Surprising stuff that does work:

Nvidia Quadro NVS140M works out of the box with QE/CI if System Profiler is to be believed. Did not see any artifacts. The resolution is the highest I have ever seen on any Mac.

Bluetooth.

To do (in decreasing order of importance):

1. Fix mouse, trackpad and keyboard. The Voodoo kexts fixed the trackpad (its hypersensitive) and the keyboard. No luck on the trackpoint / mouse yet. Got the 64 bit PS2 kexts, all three work now.
2. Fix ethernet / try to use another card instead of the 4965. Got Dell 1390 - works natively. Ethernet still does not work. System refuses to load the 32 bit kext that is floating around. Any idea where I might get a 64 bit kext ?
3. Fix sleep.No luck. When I kextunload NullCPUPowerManagement, the system crashes within a few seconds. System sleeps but does not hibernate.
4. Fix the resolution of the display to a higher number. Fixed using the modified plist in /Extra (see above).
5. Fix sound. Fixed with VoodooHDA (version 0.2.2 - version 0.2.1 makes crackling sounds).
6. Fix poweroff and hibernate.


----

Optional:

This is for those that depend on TrueCrypt.

There is no TrueCrypt version for Snow Leopard. Yet. The reason is that the underlying MacFusion open source library has not yet entered stable distribution.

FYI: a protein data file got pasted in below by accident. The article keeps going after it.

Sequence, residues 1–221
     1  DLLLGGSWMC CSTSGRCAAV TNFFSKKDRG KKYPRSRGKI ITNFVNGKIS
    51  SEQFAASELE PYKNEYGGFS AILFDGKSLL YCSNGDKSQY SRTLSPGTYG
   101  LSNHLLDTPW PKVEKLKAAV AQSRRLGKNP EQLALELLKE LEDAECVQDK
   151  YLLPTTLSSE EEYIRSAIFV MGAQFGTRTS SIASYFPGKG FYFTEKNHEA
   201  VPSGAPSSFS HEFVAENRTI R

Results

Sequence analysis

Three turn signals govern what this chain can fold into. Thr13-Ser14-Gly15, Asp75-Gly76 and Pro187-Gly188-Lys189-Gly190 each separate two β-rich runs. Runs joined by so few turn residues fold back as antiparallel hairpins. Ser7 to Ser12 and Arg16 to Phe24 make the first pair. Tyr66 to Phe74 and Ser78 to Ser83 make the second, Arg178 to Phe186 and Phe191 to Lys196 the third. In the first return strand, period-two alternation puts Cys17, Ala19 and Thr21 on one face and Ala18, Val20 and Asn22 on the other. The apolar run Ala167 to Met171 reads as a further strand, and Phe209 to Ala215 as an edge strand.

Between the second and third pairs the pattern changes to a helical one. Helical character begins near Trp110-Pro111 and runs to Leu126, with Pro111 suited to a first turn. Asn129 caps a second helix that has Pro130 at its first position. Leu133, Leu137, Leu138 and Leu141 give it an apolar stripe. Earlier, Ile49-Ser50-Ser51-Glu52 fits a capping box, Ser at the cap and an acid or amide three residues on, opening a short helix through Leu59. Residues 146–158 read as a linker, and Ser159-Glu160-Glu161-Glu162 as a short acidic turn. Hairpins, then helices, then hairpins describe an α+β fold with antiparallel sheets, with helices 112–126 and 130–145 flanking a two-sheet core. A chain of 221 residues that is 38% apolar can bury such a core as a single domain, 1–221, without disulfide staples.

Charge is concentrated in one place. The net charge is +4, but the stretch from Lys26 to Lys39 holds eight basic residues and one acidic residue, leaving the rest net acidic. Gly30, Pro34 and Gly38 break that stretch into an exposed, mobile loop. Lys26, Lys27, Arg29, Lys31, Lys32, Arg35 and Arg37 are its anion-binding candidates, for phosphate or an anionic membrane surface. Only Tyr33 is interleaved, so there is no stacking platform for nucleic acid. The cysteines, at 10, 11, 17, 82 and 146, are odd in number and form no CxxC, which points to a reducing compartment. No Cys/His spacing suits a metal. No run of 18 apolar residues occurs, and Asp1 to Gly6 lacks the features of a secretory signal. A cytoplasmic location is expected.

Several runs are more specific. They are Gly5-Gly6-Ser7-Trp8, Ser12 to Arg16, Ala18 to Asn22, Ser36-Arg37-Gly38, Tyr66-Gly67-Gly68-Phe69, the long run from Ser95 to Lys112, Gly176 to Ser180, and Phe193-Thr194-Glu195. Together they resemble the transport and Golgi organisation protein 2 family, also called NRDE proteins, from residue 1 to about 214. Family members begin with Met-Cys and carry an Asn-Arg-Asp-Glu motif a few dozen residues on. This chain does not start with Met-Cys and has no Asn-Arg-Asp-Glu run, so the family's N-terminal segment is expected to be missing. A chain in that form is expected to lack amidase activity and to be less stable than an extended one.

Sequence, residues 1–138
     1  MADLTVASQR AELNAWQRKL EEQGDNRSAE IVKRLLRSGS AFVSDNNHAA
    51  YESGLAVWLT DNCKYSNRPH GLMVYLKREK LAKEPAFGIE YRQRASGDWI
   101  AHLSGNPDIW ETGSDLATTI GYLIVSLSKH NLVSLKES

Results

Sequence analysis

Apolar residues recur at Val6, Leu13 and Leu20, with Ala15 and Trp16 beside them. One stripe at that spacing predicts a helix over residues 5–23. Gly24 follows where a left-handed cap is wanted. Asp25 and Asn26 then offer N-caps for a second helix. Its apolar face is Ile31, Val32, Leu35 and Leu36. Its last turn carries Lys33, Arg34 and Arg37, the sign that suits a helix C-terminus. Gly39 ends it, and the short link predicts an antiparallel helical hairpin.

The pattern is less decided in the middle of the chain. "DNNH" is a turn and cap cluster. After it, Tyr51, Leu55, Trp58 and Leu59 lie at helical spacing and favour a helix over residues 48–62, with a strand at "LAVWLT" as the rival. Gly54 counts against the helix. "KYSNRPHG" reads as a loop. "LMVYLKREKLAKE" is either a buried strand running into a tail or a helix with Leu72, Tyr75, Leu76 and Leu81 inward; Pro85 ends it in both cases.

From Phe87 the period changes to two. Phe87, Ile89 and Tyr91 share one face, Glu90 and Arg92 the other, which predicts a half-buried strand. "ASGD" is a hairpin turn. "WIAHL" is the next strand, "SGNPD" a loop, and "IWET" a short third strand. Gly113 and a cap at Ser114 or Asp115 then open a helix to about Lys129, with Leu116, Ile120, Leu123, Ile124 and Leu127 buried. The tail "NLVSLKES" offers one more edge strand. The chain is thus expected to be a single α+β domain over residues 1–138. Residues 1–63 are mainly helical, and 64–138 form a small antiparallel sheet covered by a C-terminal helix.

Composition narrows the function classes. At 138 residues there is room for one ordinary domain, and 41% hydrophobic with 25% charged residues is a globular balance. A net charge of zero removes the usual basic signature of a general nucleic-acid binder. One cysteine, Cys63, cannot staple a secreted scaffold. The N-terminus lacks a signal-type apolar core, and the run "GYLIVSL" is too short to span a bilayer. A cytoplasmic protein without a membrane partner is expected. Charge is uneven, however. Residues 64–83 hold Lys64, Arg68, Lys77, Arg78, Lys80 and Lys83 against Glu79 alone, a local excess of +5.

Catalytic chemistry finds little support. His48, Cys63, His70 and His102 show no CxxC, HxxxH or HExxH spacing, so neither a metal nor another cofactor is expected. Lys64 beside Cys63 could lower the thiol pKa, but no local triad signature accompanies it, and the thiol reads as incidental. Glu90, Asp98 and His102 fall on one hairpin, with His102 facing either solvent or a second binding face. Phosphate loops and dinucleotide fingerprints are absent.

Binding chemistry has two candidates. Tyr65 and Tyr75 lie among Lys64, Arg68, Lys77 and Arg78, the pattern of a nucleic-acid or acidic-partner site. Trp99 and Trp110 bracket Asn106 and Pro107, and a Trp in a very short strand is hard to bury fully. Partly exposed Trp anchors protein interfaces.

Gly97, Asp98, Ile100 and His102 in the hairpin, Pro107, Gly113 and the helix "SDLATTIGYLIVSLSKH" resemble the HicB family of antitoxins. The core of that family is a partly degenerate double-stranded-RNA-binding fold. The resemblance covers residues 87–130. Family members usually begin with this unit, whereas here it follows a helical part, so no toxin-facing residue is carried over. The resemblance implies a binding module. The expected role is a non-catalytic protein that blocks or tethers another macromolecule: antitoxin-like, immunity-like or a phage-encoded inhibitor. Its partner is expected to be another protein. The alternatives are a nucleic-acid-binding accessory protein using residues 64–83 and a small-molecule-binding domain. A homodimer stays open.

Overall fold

I found a workaround (you may not want to emulate this - I get occasional errors with hdiutil when trying to mount the encrypted partition):

1. Compile TrueCrypt for yourself (you will need Xcode and some Macports).
2. Get a specially modified version of MacFusion (this must be installed and loaded before you start up TrueCrypt).

Attached Files



#2
msingh

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Has anyone gotten ACPIPS2Nub.kext to load on SL ?

#3
msingh

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I added a custom com.apple.boot.plist to /Extra to get 1920x1200.

This is the clearest and sharpest hackintosh display I have ever seen. In terms of resolution, it beats the pants off my Macbook. System profiler reports full QE/CI support. Zero artifacts as far as I can tell.

I have ordered a Dell 1390 card off ebay (thanks to EricCW for that suggestion). In the meantime, I can report the following news: